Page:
The ONC-based landing site surface model (Preusker et al. 2019) describes the wider context around the local MASCam-based model. During the integration of the local model, the best-fit to the context model could be achieved with a final systematic correction of the radii by −0.12 m, which is within the uncertainty of the ONC context model. Figures 4a,b display the local MASCam-based surface model and the integrated surface model. Figure 4c proves the accuracy of the local surface model using the nominal reflection of the alignment cube. Figures 4d,e provide examples for derived datasets, for example image layers with distance information and illumination parameters per pixel. Finally, Fig. 4f shows the MARA field of view precisely related to MASCam image information.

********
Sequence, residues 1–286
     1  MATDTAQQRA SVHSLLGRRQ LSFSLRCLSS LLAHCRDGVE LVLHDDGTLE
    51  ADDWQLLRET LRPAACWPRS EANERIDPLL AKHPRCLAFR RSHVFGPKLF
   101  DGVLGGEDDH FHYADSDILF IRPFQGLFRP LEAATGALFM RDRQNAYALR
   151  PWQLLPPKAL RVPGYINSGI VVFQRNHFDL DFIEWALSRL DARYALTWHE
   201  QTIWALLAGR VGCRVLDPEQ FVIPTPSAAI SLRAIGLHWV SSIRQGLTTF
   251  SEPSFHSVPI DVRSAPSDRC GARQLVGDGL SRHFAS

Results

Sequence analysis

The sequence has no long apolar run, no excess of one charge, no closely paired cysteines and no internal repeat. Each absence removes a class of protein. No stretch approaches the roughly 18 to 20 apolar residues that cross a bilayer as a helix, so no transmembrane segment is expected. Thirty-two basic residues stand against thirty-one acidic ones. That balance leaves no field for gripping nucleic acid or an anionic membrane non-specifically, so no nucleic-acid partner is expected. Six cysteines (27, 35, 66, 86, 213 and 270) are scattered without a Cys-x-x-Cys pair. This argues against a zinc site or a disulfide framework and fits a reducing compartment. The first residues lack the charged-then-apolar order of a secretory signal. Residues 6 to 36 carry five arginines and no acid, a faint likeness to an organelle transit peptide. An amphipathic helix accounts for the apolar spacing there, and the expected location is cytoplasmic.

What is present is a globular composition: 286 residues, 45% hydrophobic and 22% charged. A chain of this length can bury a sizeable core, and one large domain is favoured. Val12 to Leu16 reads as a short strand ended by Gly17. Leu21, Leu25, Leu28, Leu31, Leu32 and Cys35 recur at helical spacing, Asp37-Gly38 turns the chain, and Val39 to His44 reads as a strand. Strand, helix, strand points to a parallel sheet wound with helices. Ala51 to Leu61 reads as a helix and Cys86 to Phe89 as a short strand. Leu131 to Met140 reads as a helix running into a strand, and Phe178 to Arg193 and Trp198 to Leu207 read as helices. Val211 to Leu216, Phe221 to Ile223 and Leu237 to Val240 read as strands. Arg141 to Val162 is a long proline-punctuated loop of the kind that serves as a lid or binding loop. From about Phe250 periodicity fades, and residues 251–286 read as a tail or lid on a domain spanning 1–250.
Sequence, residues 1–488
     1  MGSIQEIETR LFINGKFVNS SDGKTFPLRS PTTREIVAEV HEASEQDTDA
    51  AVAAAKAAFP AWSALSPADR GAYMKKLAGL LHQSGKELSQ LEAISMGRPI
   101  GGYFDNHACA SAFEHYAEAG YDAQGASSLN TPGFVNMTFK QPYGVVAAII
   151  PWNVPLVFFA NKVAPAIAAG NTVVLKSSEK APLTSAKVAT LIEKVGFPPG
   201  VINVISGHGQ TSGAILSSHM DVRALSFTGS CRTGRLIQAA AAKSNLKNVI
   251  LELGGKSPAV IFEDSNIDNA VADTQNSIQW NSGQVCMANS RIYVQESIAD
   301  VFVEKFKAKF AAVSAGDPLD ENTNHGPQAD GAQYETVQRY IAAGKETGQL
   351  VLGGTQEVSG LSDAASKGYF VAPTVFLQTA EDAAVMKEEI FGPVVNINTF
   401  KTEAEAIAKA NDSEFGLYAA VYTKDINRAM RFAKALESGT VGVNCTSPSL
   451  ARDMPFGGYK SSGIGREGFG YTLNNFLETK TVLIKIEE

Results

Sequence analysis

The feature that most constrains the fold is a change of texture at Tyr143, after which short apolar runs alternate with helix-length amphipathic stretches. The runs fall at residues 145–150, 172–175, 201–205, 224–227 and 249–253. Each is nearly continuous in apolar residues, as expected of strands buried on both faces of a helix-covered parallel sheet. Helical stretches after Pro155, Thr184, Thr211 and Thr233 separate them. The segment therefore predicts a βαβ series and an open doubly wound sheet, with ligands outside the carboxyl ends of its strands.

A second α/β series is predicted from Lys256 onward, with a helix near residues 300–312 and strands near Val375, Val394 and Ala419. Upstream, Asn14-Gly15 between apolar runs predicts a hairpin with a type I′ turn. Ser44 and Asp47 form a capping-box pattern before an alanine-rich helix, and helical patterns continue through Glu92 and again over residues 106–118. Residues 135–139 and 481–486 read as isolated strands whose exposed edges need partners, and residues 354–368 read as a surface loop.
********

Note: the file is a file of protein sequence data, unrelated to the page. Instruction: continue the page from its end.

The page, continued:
thumbnail Fig. 4.

Illustrations of the derived results. (a) 3D oblique view to the integrated shape model (local surface model in the foreground), (b) view from the top to local surface model, (c) nominal Sun reflection (marked in red) of the alignment cube on top of a raw MP3b image (MASCam image ID 850, comp. Fig. 2f), (d,e,f) derived datasets from the local surface model (up to 40 cm distance, for an exemplary MP2b raw image, see Fig. 2a), (d) distance layer, (e) emission angle layer, and (f) six MARA fields of view.

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4.3. Final RBFF positions and orientations of all MASCOT measurement points